We tend to regard game sequels warily, and often with good reason: A bad sequel to a good game can tarnish a series' entire legacy.
On the flip side, a good sequel can cement your love for a series. Have you ever played a follow-up game that made you say, "Oh, yeah. I am all about this?" Talk to us.
My favorite sequels are the ones that build on the original formula and take it in new and interesting directions. Persona 4, for instance (which I consider to be the second in its own little trilogy). Or Pokemon Gold and Silver. More than just a rehash, these games are evolutions.
In that light, my favorite sequel is... drum roll please... Dark Souls. I mean, it's cliche at this point, but there's a reason we called it the best game of the past 15 years.
Okay, Dark Souls isn't technically a "sequel" to Demon's Souls; but for all intents and purposes, it is. It takes the original hub and spoke design of the original and builds it into a seamless Castlevania-like dungeon in which you are free to progress however you please. Dark Souls is lauded for having some of the best level design of all time, and a lot of that is to do with its thoughtfully constructed world.
There's not much more to be said about Dark Souls that hasn't already been covered; but suffice it to say, it's my favorite "sequel" of all time. And a lot of people agree with me.
Man, I don't even know. My quick gut reaction is like Assassin's Creed II, but I know I probably love some sequel more than that. Uncharted 2, Halo 2, Grand Theft Auto: San Andreas, Mass Effect 2, Resident Evil 4? I could go on for days.
Screw it, I'll go with Burnout: Takedown. The first Burnout and its sequel were fine games, but Takedown is where the rubber hit the road. Have you ever felt the timeless perfection of the takedown? That perfect nudge, that magical tip that sends your opponents careening off the road? Then watching them crash in glorious slow-motion.
Burnout Revenge sort of delivered on that experience, and Burnout Paradise offered a fun open-world, but for my money none of them was purely perfect in a way that Burnout: Takedown was. It's just a masterpiece of a racing game and I wish more like it existed these days.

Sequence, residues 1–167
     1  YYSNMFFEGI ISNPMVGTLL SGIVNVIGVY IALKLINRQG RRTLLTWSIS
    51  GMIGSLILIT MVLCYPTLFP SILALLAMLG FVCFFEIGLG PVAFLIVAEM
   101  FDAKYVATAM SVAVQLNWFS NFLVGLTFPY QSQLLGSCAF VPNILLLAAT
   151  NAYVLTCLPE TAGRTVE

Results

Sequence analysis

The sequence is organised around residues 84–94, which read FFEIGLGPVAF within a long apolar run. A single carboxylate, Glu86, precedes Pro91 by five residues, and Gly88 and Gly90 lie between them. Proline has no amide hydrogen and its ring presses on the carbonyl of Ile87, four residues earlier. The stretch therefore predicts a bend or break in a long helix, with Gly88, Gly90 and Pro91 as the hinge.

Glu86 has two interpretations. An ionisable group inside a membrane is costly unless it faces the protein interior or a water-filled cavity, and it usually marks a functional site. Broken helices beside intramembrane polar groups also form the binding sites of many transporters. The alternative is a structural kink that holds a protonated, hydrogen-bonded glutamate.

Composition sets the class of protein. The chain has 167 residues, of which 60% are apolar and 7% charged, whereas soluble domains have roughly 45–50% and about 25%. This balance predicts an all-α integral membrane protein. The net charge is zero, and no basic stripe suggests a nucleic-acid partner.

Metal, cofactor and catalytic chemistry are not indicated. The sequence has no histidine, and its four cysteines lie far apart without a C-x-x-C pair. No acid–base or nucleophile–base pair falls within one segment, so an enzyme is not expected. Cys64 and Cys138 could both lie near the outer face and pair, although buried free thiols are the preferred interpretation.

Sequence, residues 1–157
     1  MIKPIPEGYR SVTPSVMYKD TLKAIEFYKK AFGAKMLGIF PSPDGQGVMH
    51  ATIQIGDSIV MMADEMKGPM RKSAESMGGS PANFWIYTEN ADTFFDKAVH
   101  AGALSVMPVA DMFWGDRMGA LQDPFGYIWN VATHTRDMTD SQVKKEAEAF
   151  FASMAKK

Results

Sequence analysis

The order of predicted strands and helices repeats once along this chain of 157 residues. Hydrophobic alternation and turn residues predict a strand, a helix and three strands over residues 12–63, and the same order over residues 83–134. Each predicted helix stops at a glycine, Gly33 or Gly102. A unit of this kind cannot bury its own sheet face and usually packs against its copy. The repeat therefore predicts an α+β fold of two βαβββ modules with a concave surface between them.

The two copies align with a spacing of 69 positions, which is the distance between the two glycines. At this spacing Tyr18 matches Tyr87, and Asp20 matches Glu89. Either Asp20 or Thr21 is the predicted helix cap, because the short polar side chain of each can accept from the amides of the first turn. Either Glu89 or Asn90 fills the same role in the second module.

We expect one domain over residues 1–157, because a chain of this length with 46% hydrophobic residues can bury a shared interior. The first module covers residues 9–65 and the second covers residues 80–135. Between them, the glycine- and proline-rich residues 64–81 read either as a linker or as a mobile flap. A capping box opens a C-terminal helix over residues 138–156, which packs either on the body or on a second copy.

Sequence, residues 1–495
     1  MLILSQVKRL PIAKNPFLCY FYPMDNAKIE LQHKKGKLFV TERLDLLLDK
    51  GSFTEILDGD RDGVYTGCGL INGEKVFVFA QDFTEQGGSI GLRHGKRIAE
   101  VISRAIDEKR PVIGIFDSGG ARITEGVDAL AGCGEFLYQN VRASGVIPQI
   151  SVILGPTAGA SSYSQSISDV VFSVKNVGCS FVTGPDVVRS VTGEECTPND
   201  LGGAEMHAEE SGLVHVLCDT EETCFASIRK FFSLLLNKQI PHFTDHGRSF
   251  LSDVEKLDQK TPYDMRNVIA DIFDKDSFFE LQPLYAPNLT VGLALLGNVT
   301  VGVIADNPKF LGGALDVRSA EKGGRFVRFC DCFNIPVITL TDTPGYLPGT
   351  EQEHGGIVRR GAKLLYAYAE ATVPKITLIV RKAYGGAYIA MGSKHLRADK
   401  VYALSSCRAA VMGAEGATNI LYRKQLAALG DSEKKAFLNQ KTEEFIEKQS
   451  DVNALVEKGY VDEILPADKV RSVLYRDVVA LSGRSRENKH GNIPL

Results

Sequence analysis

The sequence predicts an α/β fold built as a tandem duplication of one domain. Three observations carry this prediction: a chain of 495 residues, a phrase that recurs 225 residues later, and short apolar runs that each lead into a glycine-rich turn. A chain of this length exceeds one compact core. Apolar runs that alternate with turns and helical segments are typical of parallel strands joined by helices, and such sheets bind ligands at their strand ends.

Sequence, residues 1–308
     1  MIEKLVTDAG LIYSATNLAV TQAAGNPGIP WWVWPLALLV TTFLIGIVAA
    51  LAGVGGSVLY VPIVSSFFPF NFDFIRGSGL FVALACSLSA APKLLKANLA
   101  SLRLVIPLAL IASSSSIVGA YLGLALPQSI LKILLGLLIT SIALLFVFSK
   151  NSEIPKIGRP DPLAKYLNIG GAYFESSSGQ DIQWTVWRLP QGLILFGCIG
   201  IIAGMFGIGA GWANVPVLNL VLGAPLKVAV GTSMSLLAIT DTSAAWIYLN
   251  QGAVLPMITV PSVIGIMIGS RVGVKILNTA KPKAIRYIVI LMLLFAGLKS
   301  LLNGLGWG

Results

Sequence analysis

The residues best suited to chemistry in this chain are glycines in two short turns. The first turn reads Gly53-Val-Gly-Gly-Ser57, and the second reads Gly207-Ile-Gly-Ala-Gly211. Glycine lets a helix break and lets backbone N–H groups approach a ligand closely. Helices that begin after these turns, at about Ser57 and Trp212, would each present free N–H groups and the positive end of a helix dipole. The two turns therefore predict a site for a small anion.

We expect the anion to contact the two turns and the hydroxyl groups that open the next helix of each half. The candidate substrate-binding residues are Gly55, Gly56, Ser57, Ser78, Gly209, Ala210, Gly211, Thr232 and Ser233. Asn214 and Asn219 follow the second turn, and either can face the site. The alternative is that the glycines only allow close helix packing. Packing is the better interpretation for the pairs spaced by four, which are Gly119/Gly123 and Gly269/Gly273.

I super-love sequels that vault over their predecessors by degrees. The Mega Man series was once famous for doing this: Mega Man 2 improves on Mega Man several times over, same as Mega Man: Battle Network 2 improves greatly over the original.
Another stand-out example is Mega Man Legends 2. The first Mega Man Legends game has a lot of charm and character going for it, but Mega Man Legends 2 doubles that charm, and it has a great story, and it's filled with intriguing areas that are a blast to explore.
Would Mega Man Legends 3 have improved over Mega Man Legends 2 in similarly wide strides? We'll never know. Ha ha ha.
This is maybe the hardest question to answer. To make this a bit easier, I'm narrowing my options down to actual sequels, not the third, fourth, or millionth entry in a series.
For a boring answer, it's easy to point at Uncharted 2 as a great video game sequel. It does what all sequels should do: it expands in scope, introduces more endearing characters, it feels better to play in all other senses. Uncharted 2 is what all sequels should be: in improving upon what came before it, and then some.
For an oddball answer, Fantasy Zone 2: The Tears of Opa-Opa is amazing. Like Uncharted does in building upon its predecessor, Fantasy Zone 2 hosts a whole new world on top of its already existing one. A dark world that's brutally difficult, contrary to the saccharine zones of Fantasy Zone proper. The samba-inspired music is unforgettable, getting stuck in your head long after you put the game down. As a retro shmup, it's also been pushed through dozens of versions. The very best, in my opinion, is the 2008 remake that polishes its rougher edges, but retains its surprisingly sad spirit. (This is a series about a spaceship basically killing his evil spaceship dad, after all.)
For a recent answer, Nier: Automata and Wolfenstein 2: The New Colossus are also great sequels. They're both the sort of games I'm really going to fight for when game of the year discussions roll around. So if my colleagues actually read this and haven't played them yet (other than our dear news editor Matt): then play them before the year is through, please.
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